Software codes are not physical products. We cannot see the codes, but the user can use the results of a running a coded program in the form of a software application. The software applications so developed have redefined our everyday experiences and made life so easy, be it controlling a flight or buying groceries from a supermarket. Learning computer programming is thus an excellent avenue to gain employment and improve a person’s career profile.
The first generation of codes are called machine language. The second generation of codes are called assembly language and the third generation of codes is called high level language or HLL. All software programming languages need to be translated into machine codes for a computer to understand the instructions. While most of it happens internally, it is important that software engineers correctly ‘write’ programs that deliver the desired output.
Coding practice can be improved either by attempting to write a number of new programs suited to specific applications or even by modifying the existing codes. But what exactly is the purpose for which a program needs to be written? How do we define the software life cycle? What are the best languages to use to derive a certain output? How can people without any basic programming know-how get into coding and the software industry? This is where the role of software institutes occur.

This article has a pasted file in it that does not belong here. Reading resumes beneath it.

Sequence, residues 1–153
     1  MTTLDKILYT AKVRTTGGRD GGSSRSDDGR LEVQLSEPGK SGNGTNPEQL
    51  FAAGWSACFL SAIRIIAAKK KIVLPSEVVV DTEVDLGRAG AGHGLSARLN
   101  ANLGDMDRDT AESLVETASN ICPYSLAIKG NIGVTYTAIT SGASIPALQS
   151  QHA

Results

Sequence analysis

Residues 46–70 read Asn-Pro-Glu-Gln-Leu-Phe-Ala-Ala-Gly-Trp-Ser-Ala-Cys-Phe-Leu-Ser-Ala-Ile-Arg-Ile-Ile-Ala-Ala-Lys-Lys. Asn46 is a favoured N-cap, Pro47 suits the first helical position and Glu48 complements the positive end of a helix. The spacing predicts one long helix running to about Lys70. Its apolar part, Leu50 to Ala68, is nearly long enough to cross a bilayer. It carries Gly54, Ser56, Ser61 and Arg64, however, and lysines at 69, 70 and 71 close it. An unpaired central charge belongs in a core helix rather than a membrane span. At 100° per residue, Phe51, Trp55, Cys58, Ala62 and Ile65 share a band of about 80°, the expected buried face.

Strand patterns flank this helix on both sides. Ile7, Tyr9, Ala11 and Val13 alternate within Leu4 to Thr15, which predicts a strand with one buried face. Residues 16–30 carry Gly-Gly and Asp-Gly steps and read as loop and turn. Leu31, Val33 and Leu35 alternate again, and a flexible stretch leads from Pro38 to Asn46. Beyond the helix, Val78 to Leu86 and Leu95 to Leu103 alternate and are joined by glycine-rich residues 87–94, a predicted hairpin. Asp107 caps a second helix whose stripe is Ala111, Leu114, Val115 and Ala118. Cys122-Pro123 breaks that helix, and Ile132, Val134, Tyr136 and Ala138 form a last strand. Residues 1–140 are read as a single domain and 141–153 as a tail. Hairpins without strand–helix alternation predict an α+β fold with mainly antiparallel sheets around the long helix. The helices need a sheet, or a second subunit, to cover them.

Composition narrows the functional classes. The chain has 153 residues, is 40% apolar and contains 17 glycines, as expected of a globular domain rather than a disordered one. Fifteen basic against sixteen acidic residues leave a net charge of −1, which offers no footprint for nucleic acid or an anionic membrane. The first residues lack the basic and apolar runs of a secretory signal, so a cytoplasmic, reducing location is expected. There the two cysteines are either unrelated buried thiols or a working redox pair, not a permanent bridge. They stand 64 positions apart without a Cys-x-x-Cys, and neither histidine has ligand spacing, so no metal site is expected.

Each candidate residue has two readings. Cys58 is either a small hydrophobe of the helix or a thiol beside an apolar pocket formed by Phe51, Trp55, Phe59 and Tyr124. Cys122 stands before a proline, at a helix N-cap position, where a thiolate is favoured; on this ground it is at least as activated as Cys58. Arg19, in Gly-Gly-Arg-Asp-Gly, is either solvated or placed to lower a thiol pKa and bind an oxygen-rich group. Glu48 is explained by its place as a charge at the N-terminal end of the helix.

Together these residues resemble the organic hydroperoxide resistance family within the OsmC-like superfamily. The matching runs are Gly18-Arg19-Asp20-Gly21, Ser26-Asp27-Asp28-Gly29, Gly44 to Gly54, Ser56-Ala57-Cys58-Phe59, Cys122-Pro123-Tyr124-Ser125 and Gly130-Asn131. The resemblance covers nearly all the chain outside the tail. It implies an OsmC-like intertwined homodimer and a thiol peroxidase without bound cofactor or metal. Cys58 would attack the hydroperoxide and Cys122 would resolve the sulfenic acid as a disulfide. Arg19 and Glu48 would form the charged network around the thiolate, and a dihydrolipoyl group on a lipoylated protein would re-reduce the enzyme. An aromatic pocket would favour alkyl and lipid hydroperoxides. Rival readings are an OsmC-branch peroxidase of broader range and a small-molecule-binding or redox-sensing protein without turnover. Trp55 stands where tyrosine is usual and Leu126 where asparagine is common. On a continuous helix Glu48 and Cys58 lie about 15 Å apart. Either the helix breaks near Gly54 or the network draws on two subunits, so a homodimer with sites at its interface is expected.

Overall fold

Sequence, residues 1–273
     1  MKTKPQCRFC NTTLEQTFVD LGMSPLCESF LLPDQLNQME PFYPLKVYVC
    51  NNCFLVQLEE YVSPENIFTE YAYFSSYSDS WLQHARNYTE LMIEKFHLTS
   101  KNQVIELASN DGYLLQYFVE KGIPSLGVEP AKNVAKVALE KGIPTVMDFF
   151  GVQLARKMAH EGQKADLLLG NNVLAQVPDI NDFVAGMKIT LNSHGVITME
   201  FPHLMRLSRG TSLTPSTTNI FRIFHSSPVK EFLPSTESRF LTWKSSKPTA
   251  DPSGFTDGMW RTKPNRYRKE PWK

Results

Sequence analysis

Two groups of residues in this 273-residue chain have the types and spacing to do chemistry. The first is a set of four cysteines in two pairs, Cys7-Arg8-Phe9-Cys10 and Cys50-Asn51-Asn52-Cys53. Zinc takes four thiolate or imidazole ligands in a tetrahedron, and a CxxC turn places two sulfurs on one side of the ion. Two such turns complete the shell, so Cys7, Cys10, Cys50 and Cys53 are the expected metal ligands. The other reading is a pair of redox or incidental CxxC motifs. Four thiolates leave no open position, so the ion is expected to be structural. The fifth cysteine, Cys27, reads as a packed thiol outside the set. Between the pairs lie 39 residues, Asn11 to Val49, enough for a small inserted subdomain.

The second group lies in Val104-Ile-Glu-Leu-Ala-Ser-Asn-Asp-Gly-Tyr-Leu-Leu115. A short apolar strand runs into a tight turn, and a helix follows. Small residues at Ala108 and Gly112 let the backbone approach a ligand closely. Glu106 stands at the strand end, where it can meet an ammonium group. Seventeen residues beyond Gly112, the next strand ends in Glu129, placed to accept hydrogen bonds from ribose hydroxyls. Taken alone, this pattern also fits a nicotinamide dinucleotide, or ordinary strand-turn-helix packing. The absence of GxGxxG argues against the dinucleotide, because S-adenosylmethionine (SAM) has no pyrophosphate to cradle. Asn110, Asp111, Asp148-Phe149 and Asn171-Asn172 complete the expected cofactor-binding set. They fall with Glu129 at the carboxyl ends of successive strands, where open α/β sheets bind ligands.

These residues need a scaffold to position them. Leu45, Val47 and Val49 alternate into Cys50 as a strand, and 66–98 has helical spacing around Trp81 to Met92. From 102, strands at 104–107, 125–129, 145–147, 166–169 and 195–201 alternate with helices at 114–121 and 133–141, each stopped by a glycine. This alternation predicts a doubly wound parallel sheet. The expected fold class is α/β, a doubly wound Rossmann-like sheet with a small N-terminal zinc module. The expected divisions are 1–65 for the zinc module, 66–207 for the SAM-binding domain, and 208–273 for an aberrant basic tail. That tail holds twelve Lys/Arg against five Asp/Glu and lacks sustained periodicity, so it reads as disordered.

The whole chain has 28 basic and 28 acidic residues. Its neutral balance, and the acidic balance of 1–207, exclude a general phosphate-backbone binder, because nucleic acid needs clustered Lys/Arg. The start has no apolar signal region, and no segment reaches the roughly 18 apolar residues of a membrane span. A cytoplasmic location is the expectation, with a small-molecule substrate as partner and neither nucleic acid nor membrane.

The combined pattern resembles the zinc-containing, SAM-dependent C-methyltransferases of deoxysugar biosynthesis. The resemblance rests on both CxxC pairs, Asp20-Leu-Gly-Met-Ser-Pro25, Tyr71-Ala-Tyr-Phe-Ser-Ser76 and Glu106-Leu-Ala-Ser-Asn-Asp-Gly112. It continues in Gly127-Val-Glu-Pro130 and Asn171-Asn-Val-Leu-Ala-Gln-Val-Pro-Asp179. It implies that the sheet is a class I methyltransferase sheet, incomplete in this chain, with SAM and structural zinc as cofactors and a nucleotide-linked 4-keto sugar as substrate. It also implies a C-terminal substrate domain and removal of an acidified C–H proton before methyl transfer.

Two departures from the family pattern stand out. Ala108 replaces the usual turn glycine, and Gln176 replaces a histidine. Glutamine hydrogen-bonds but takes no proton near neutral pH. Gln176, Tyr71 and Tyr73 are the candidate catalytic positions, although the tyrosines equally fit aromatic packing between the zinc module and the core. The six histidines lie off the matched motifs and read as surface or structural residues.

Several software training institutes have mushroomed all over the world to address these issues. Often, they help in making people employment ready, give career guidance and training in a broad spectrum of software and programming languages including JAVA, SAP, CAD,.Net etc. Some also recommend software testing courses based on the candidate’s profile. With experienced faculty and tie ups with key companies, they deliver real value to a student and help in placements after course completion.
These institutes conduct long and short-term courses. They also prepare students for various international certifications. Further, they conduct workshops, events and other activities to encourage student-industry interaction, prepare novices for their job interviews and make them ready to face opportunities. Job fairs, campus interviews, etc. are also conducted regularly for students to get job placements on successful course completion. Many governments have also come forward to set up training institutes to train homeless people, women, unemployed and under employed persons. In order to encourage children to pick up coding skills, many software training institutes have also made available a number of courses for school students and kids in summer vacations.
While the remarkable results are here to see, the software training industry is rather unregulated. Many institutes seem to promise the moon and charge hefty sums, while the real certification is either invalid or based really on the reputation of a known parent brand. Going forward, it will be interesting to see how various governments tackle the issue and ensure that the benefits of software training reach all sections of society.